In The Case for Animal Rights, Regan argues that non-human animals bear moral rights. His philosophy aligns broadly within the tradition of Immanuel Kant, though he rejects Kant’s idea that respect is due only to rational beings. Regan points out that we routinely ascribe inherent value, and thus the right to be treated with respect, to humans who are not rational, including infants and the severely mentally impaired.
In All That Dwell Therein, Regan goes further than Peter Singer’sAnimal Liberation. Firstly, he invokes the idea that all or some animals may indeed qualify as rights holders, something which Singer refuses to do, since “that would be making a concession to popular moral rhetoric. Secondly, he proposes a generalized theory of rights which is based not on Singer’s equal consideration of interests principle, nor on sentience, which other philosophers have cited in arguing the case for rights, but rather on the view that the most reasonable criterion of rights possession is what he calls the criterion of inherent value.
With Carl Cohen
Do all animals have rights? Is it morally wrong to use mice or dogs in medical research, or rabbits and cows as food? How ought we resolve conflicts between the interests of humans and those of other animals? Philosophical inquiry is essential in addressing such questions; the answers given must have enormous practical importance. Here for the first time in the same volume, the animal rights debate is argued deeply and fully by the two most articulate and influential philosophers representing the opposing camps. Each makes his case in turn to the opposing case. The arguments meet head on: Are we humans morally justified in using animals as we do? A vexed and enduring controversy here receives its deepest and most eloquent exposition.
Described by Jeffrey Masson as “the single best introduction to animal rights ever written,” this new book by Tom Regan will structure the animal rights debate for generations to come. In a style at once simple and elegant, Regan dispels the negative image of animal rights advocates perpetrated by the mass media, unmasks the fraudulent rhetoric of “humane treatment” favored by animal exploiters, and explains why existing laws function to legitimize institutional cruelty.
In a set of essays that reflects his thinking on animal and human rights over the past decade, Regan sketches the philosophical positions espoused by those who want to abolish animal exploitation, reform it to minimize suffering, or maintain the status quo. Regan considers the moral grounds for limiting human freedom when it comes to human interactions with nonhuman animals. He puts the issue of animal rights in historical context, drawing parallels between animal rights activism and other social movements, including the antislavery movement in the nineteenth century and the gay-lesbian struggle today.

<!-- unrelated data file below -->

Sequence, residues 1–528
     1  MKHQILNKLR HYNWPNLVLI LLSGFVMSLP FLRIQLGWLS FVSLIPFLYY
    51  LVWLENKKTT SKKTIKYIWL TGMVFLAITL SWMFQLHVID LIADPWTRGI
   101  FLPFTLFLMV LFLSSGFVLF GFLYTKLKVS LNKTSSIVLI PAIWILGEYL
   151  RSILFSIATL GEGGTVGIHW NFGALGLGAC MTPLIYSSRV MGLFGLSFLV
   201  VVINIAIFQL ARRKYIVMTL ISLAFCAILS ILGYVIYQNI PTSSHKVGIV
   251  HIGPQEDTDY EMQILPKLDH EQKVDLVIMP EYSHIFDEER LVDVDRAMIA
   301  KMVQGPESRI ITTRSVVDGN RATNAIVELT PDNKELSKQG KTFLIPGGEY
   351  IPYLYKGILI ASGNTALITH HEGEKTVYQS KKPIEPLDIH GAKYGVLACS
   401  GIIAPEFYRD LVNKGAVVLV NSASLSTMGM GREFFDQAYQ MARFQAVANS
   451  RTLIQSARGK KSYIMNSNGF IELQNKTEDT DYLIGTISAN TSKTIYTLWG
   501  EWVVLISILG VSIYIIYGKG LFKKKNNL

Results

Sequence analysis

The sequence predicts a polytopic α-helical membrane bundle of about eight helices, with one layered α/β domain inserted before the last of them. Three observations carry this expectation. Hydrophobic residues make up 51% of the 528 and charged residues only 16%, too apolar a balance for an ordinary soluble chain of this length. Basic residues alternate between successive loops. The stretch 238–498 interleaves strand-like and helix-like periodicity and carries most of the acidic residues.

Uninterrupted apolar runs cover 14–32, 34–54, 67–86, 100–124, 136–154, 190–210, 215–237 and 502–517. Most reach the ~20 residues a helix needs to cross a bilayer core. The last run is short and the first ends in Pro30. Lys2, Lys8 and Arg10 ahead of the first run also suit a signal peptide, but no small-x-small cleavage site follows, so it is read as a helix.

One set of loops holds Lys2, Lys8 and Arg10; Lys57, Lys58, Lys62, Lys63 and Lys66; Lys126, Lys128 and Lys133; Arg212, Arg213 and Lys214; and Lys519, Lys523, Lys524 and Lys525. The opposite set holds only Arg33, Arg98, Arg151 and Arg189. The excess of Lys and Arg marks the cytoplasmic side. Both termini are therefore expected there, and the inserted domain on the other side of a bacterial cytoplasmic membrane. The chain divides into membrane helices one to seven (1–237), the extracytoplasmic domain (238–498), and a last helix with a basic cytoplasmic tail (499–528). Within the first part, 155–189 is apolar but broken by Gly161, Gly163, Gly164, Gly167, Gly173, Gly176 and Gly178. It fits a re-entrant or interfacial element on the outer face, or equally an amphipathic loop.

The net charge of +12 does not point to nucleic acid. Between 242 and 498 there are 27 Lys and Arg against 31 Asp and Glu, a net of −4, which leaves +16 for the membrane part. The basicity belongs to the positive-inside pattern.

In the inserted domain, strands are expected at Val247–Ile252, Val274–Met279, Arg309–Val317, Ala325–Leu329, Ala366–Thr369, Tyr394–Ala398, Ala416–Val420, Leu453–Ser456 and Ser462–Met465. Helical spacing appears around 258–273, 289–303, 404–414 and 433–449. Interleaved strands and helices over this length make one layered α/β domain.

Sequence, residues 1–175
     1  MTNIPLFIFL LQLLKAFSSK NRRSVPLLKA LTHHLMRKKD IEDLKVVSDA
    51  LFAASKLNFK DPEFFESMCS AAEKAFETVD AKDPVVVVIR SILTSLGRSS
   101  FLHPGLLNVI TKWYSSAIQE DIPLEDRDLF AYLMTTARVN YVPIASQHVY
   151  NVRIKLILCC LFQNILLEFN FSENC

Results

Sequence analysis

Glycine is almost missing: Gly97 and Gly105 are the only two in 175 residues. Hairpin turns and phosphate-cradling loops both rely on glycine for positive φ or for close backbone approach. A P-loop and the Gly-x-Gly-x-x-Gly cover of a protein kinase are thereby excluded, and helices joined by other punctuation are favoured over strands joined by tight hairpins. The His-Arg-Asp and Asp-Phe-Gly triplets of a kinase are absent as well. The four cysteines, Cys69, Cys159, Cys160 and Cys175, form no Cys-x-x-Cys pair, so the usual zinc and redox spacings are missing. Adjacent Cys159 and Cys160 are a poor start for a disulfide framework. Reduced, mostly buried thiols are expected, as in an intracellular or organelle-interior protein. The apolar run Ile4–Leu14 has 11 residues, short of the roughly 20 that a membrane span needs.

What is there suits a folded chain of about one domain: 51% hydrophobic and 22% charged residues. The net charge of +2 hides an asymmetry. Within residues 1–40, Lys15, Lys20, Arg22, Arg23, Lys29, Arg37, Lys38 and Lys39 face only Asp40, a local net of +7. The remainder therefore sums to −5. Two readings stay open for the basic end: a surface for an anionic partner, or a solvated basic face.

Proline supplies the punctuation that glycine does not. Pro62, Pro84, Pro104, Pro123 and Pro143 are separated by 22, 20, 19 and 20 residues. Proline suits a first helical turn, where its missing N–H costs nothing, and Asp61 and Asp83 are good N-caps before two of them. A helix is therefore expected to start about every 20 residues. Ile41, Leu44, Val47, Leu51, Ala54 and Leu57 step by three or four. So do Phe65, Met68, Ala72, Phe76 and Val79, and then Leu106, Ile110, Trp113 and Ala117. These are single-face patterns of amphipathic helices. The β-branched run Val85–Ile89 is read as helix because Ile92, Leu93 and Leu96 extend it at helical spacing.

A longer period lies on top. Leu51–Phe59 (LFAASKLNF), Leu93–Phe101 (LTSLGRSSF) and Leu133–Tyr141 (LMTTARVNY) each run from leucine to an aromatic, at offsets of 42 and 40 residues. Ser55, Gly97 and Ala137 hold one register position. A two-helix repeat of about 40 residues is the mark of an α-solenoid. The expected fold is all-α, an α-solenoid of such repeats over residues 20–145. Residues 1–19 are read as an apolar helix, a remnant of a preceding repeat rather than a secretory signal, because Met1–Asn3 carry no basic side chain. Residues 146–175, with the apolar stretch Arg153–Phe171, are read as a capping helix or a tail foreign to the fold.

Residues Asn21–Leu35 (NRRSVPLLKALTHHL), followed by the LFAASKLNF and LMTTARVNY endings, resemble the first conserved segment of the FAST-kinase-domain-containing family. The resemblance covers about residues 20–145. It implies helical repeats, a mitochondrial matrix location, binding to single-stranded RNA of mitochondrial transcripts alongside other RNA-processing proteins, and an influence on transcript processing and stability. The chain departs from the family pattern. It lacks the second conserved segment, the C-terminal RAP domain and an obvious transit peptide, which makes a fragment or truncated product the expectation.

An overview of historical and contemporary writings addressing both the nature of nonhuman animals as well as our duties to them. Contains selections from Aristotle, Descartes, Aquinas, and Schweitzer; also, discussions of factory farming and the use of animals in research. Edited by the two leading philosophers in the animal protection movement, this volume provides a comprehensive overview of historical and contemporary writings that address both the nature of nonhuman animals as well as our duties to them.
Do scientists exaggarate potential benefit from their work? Do animal advocates exaggerate the suffering of animals? What, if any, regulations should society impose upon animal work? Is a compromise between animal advocates and researchers possible or desirable? Four essayists with contrasting views and perspectives reflect on the issues and dilemmas. Published by The Institute of Ideas, whose mission is to bring fresh ideas to the public arena on the key debates of our time.
Taking into consideration moral theories such as contractarianism, utilitarianism, and Kantian ethics, Regan provides the theoretical framework that grounds a responsible pro-animal rights perspective, and ultimately explores how asking moral questions about other animals can lead to a better understanding of ourselves. The necessity of making a transition from moral theory to moral practice becomes startlingly clear as Regan examines the commonplace, everyday choices that would be affected by believing in a moral theory that affirms the rights of animals. For the many people who have ever wondered “what difference does it make if animals have rights,” Animal Rights, Humans Wrongs provides a provocative and intriguing answer.
Animal Others brings together original contributions that explore the status of animals from the continental philosophy perspective. Examined are the moral status of animals, the question of animal minds, an understanding of what it is to be an animal and what it is to be with an animal, as well as the roles animals play in the work of philosophers such as Husserl, Heidegger, Nietzsche, Merleau-Ponty, and Derrida.